With time, however, the number of students dwindled. “Children here are mostly from poor backgrounds. Many parents left the area as there was no source of income here,” he said.

Rajesh Railal Padhariya, principal-cum-teacher at the Shree Shakti Nagar prathmikshala in Kachchh. He has divided the students of various classes into two groups and teaches each turn by turn | Manisha Mondal | ThePrint
Rajesh Railal Padhariya, principal-cum-teacher at the Shree Shakti Nagar prathmikshala in Kachchh. He has divided the students of various classes into two groups and teaches each turn by turn | Manisha Mondal | ThePrint

In 2021, as the number of children in classes 6 and 7 dropped, these grades were shifted to the bigger primary school nearby. “The two teachers who were teaching these classes were transferred to other schools. One teacher died during Covid last October. Since then, it’s just been me,” Padhariya said.

However, even as government-run primary schools continue to struggle, the private school industry has mushroomed. Even in remote and tribal districts like Kachchh and Mahisagar, hundreds of private schools have opened up in the last few years. The high fees in private schools have now become a source of criticism from Opposition parties.

What is the government doing?

The ‘Gujarat model’ of education has garnered somewhat fewer accolades than the reported industrial and agricultural advances in the state.

The government’s own assessment of learning outcomes in primary schools, called Gunotsav 2.0, carried out by the state Education Department between 2019 and 2021, found only 14 of 30,681 schools scoring A+, indicating improved learning outcomes.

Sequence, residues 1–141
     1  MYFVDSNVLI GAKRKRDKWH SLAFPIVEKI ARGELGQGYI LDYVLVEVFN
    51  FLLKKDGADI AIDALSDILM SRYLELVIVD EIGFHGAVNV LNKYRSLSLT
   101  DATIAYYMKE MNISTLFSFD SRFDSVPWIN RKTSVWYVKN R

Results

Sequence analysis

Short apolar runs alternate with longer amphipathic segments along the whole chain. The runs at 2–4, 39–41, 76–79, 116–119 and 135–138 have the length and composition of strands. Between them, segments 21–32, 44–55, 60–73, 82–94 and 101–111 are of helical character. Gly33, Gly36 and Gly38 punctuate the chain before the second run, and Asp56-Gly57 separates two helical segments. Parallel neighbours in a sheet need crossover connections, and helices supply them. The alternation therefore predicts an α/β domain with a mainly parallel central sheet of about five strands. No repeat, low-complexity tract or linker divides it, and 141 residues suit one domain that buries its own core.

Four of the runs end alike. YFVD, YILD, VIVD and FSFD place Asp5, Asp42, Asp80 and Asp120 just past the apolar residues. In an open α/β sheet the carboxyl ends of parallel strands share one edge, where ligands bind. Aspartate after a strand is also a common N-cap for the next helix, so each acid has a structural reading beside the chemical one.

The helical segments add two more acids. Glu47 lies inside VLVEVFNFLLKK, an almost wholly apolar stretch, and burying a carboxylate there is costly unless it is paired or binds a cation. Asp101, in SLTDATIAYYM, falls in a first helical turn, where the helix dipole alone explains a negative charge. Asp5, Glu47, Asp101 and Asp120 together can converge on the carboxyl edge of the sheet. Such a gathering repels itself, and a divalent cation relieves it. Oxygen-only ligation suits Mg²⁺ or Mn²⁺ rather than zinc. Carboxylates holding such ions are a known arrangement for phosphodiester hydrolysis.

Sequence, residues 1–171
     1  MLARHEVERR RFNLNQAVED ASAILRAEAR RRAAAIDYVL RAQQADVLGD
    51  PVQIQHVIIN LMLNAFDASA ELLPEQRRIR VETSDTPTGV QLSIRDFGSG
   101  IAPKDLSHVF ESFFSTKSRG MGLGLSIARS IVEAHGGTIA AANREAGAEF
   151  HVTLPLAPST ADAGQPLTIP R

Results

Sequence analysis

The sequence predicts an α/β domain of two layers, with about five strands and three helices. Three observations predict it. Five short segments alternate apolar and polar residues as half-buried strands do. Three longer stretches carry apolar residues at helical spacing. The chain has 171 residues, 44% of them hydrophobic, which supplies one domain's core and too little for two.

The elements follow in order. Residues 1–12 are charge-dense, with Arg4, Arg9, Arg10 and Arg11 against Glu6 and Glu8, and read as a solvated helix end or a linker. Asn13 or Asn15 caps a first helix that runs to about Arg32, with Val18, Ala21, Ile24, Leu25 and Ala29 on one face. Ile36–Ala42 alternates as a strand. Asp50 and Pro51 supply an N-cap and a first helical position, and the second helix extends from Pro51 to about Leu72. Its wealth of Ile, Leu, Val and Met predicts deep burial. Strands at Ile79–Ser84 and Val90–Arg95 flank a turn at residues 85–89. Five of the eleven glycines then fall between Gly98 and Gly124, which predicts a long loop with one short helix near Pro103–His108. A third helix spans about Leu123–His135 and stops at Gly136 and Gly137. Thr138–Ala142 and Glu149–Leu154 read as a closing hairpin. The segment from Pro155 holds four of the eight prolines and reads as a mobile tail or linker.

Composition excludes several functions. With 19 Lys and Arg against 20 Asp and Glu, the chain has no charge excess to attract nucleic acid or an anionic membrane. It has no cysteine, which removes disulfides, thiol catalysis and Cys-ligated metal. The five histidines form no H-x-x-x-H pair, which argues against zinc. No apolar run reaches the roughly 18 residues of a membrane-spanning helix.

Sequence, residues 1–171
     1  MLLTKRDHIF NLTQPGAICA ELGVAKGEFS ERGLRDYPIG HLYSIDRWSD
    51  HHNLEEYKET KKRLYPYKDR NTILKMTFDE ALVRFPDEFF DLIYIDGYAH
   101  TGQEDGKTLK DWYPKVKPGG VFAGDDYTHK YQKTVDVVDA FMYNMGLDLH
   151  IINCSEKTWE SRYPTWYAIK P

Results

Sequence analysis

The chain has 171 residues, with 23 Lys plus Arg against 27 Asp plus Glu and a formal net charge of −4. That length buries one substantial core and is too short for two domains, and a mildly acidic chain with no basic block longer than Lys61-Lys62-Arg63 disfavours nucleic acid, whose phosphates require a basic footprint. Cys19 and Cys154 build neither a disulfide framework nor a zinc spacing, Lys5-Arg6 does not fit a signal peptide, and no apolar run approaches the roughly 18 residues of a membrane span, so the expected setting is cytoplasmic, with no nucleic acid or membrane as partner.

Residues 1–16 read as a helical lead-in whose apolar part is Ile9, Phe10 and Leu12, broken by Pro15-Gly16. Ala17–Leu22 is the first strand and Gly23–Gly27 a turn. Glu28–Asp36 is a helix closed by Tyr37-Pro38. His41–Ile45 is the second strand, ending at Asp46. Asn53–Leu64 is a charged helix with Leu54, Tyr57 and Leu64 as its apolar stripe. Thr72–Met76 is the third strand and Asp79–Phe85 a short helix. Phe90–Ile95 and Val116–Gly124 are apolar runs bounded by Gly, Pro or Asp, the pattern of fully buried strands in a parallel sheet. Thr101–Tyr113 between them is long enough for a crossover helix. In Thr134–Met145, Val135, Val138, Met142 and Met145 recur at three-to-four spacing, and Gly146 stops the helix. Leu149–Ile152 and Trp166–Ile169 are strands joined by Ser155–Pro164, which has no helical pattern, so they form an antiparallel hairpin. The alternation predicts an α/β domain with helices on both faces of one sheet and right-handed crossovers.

To address problems in primary education, the state government in 2019 set up a real-time surveillance system of sorts via GPS-enabled tablets. This was done mostly to “keep an eye” on the problems of absenteeism and “non-seriousness” among teachers.

If things on the GPS looked a little awry, officials at the command-and-control centre (Vidya Samiksha Kendra) in Gandhinagar could call up teachers at any time for an update on their location and activities.

This system received a further boost last year with the unveiling of the Vidya Samiksha Kendra 2.0 that is intended to track attendance, enrolment, and learning outcomes in 55,000 primary and secondary government schools.

“We have set up the Vidya Samiksha Kendra from where we can assess the performance of each and every government primary school across the state,” Gujarat Education Secretary Vinod R. Rao said.

Rao pointed out that Prime Minister Modi had been highly impressed by the centre during his visit this month. “The PM has called it a model for the country and a wonder for the world to see how technology can improve the lives of millions of students,” he said.

 

In all the schools ThePrint visited, the teachers were regular in marking their attendance online. But there was no real-time surveillance happening to find out how classes are being conducted in these single-teacher schools, or why there was such high absenteeism.

Rao emphasised, however, that big changes were afoot.

In the first week of April, it was announced that the World Bank and Asian Infrastructure Investment Bank (AIIB) approved a loan of Rs 7,500 crore for the ambitious Mission School of Excellence project.

Rao said that, through this initiative, the government was trying to address the issue of small schools and to ensure that grade-appropriate learning took place. “On the ground, work has started on the Mission School of Excellence project,” he added.

If all goes to plan, this project will cover all 35,133 government and 5,847 grant-in-aid schools in Gujarat and will see the creation of 1.5 lakh “smart classrooms” and 20,000 new computer labs, among other things.

(Edited by Asavari Singh)


Also Read: 20 hours a week, no homework: That’s the Finland school system RSS chief wants in India